Home TV ‘The Walking Dead’ Review: The Distance

‘The Walking Dead’ Review: The Distance


The Walking Dead
Season 5, Episode 11 – “The Distance”
Grade: B+

The post-prison period of The Walking Dead has been pretty bleak thus far, but it looks like the show is getting a much-needed shot in the arm with “The Distance,” in which the promise of sanctuary reignites hope in our beleaguered heroes. After recent events, any good news seems too good to be true, and the mysterious Aaron and his offer to “audition” for a place in his community is rightfully met with suspicion. While most of the group is eager for respite, Rick still struggles to let his guard down.

This was a good episode for many reasons, but the single biggest improvement is a genuine sense of optimism that has been so elusive for the past season or two. The Walking Dead has made a point of pushing the group as far as it can towards despair and darkness, and it has done such a good job that even the audience is hesitant to believe the pendulum could truly be swinging back the other way. It’s been a long, unforgiving exercise in behavioral conditioning, and the show revels in further toying with the expectations of both its characters and the audience. What’s interesting is the tangible suspense that this unfamiliar hope brings–the tension exists not merely because lives are at stake, but because the light at the end of the tunnel might finally be something other than another oncoming train.

Understandably and amusingly, Rick greets Aaron’s offer with a punch in the face, but the rest of the group is more willing to hear him out due to their desperation for the safety and community he promises. Michonne and a few others are sent to investigate Aaron’s claims of vehicles nearby, while the rest stay near the barn to prepare for the worst. Aaron tries his best to be disarmingly nice and cooperative, but Rick makes a good point when he says “it’s hard to trust anyone who smiles after getting punched in the face”. Despite Aaron’s reassurances, everyone is on high alert, and the episode draws a lot of its tension from the ambiguous evidence that lends itself to all manner of interpretation.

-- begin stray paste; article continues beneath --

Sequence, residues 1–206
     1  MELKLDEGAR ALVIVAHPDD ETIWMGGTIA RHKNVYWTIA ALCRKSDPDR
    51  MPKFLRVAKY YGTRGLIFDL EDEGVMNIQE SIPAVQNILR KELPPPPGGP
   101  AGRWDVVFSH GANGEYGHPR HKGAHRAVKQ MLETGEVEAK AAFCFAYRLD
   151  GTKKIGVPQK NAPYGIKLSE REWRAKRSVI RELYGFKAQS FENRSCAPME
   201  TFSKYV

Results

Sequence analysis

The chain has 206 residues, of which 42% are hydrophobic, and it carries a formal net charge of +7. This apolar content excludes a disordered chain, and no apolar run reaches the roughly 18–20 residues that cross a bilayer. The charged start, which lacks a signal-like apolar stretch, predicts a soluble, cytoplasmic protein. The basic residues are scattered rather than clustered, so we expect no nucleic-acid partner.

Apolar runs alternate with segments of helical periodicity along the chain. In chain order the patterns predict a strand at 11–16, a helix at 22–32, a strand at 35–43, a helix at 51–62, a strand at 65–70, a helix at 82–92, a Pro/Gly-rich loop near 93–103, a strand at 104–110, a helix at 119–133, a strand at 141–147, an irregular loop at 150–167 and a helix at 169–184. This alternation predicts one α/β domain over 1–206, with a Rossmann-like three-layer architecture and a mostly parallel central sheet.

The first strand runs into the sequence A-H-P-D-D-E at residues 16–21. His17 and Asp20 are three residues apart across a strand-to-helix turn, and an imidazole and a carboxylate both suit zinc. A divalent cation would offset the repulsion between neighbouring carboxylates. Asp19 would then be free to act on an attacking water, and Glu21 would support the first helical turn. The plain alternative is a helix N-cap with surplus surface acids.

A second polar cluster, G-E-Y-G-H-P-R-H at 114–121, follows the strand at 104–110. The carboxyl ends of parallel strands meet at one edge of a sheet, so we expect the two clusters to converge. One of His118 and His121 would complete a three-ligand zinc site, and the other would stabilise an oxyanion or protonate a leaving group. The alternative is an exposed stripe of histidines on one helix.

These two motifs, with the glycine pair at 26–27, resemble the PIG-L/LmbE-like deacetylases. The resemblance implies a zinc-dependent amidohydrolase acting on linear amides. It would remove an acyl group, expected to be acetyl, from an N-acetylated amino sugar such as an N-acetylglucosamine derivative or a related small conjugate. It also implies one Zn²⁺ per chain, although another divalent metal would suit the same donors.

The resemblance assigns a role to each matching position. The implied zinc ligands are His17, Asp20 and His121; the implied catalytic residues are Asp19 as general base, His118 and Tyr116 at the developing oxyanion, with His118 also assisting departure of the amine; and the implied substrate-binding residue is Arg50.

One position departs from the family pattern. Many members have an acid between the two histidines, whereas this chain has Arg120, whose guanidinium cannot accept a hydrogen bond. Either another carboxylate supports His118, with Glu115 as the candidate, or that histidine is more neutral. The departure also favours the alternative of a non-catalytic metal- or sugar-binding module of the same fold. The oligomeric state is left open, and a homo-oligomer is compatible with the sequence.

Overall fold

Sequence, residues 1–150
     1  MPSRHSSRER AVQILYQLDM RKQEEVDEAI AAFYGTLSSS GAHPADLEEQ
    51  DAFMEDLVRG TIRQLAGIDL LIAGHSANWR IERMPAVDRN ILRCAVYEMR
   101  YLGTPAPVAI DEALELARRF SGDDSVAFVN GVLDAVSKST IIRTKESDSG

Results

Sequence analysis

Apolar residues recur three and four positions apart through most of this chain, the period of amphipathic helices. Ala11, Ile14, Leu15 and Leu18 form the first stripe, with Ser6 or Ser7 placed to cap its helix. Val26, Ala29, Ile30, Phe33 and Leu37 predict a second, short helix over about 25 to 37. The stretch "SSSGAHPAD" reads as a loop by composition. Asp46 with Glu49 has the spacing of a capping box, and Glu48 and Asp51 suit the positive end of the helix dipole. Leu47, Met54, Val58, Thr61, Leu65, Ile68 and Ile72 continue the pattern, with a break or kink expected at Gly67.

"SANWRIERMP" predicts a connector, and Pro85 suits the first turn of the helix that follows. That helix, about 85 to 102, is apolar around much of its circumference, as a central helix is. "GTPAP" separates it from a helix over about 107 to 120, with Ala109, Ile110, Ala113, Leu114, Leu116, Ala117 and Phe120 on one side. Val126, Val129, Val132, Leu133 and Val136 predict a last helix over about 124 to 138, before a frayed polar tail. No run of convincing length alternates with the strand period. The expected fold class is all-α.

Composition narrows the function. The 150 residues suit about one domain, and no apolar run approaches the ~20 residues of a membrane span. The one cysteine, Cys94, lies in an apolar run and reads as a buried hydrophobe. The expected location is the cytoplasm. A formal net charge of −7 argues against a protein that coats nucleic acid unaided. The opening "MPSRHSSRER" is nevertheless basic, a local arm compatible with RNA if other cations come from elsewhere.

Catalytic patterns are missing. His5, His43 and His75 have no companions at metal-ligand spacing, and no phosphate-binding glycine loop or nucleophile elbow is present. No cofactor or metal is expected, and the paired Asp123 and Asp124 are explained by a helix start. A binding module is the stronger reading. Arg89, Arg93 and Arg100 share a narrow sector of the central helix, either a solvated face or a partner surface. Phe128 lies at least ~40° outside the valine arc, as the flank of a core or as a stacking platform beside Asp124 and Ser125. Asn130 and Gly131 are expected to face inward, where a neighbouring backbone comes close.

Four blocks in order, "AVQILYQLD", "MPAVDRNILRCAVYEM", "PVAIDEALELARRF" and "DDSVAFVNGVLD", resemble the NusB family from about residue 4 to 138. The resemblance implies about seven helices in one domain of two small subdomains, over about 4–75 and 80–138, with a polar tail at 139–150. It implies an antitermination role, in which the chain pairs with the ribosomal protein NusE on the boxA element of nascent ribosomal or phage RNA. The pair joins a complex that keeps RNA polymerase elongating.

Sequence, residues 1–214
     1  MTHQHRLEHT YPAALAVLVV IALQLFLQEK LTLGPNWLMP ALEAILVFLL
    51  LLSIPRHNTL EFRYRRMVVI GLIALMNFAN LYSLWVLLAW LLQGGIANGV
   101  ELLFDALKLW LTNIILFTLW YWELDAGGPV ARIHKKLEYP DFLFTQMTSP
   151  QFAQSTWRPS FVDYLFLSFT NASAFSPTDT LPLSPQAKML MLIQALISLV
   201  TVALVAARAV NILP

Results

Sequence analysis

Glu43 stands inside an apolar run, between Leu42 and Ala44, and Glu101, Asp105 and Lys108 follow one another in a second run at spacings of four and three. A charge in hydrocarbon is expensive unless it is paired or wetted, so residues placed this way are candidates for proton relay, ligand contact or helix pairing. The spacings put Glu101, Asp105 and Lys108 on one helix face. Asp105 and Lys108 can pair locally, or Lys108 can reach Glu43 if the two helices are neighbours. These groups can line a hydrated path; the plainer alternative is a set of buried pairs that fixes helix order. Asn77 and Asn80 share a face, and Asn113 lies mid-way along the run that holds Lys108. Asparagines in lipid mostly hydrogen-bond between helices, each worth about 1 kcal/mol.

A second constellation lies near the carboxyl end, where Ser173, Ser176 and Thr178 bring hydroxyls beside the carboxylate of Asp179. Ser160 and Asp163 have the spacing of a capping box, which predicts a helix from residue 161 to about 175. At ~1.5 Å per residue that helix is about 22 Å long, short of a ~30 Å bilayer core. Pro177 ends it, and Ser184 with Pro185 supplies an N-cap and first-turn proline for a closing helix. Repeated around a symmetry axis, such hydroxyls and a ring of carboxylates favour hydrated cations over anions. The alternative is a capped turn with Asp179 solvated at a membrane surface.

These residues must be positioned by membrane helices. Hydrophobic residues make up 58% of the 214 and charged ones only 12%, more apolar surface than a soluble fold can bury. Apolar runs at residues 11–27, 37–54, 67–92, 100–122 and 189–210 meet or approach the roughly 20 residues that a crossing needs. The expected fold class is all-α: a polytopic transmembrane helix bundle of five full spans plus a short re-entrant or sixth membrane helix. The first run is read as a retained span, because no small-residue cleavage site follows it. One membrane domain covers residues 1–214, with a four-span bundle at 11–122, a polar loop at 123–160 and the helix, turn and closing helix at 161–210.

Aaron’s flare gun and hesitance to eat the applesauce didn’t do him any favors, but it’s the conspicuous lack of people in the photographs he brought that finally arouses Michonne’s suspicions during the nighttime drive to his camp. It’s almost comical how quickly things escalate from here–Michonne remembers to ask Aaron the three questions just before the car plows through a herd of walkers. Aaron then attempts to flee after a flare is seen in the distance, and all Rick, Glenn, and Michonne can do is to follow in hopes of finding the others. The excessive action and gore on display is a nice payoff to all the tension the episode has slowly built up, and a refreshing change of pace from the more subdued, “artsy” direction recent episodes have taken. There’s a time and a place for muted slow motion zombie violence, but Rick shooting a flare into a zombie’s face isn’t it.

The group is soon reunited, and Aaron is reunited with his partner Eric. They agree to continue onto the community Alexandria in the morning, where Rick is met with the sounds of children’s laughter beyond the wall. Andrew Lincoln continues to do amazing work depicting the toll ruthlessness and hyper-vigilance has taken on Rick; and the relief that washes over him in this moment is palpable. He’s been conditioned to expect the worst and struggles to let that part of him go. It’s difficult to say whether his suspicions will be justified–all the communities on this show have a bad habit of being founded on some horrible, dark secret. The show seems to be laying the optimism on pretty thick though, so it’s very tempting to let down your guard. Maybe that’s exactly what The Walking Dead wants…

  • I don’t think Rick told Aaron to shut up this episode, which is a shame because there were plenty of opportunities and I seriously think it should be his catchphrase.
  • This episode notably contains a refreshing bit of humor as well–I particularly enjoyed how Abraham’s corny optimism was immediately met with a dead battery.
  • Chekov’s blender gun!
  • They need to stop giving Carol stupid lines. Silly way to end the episode.

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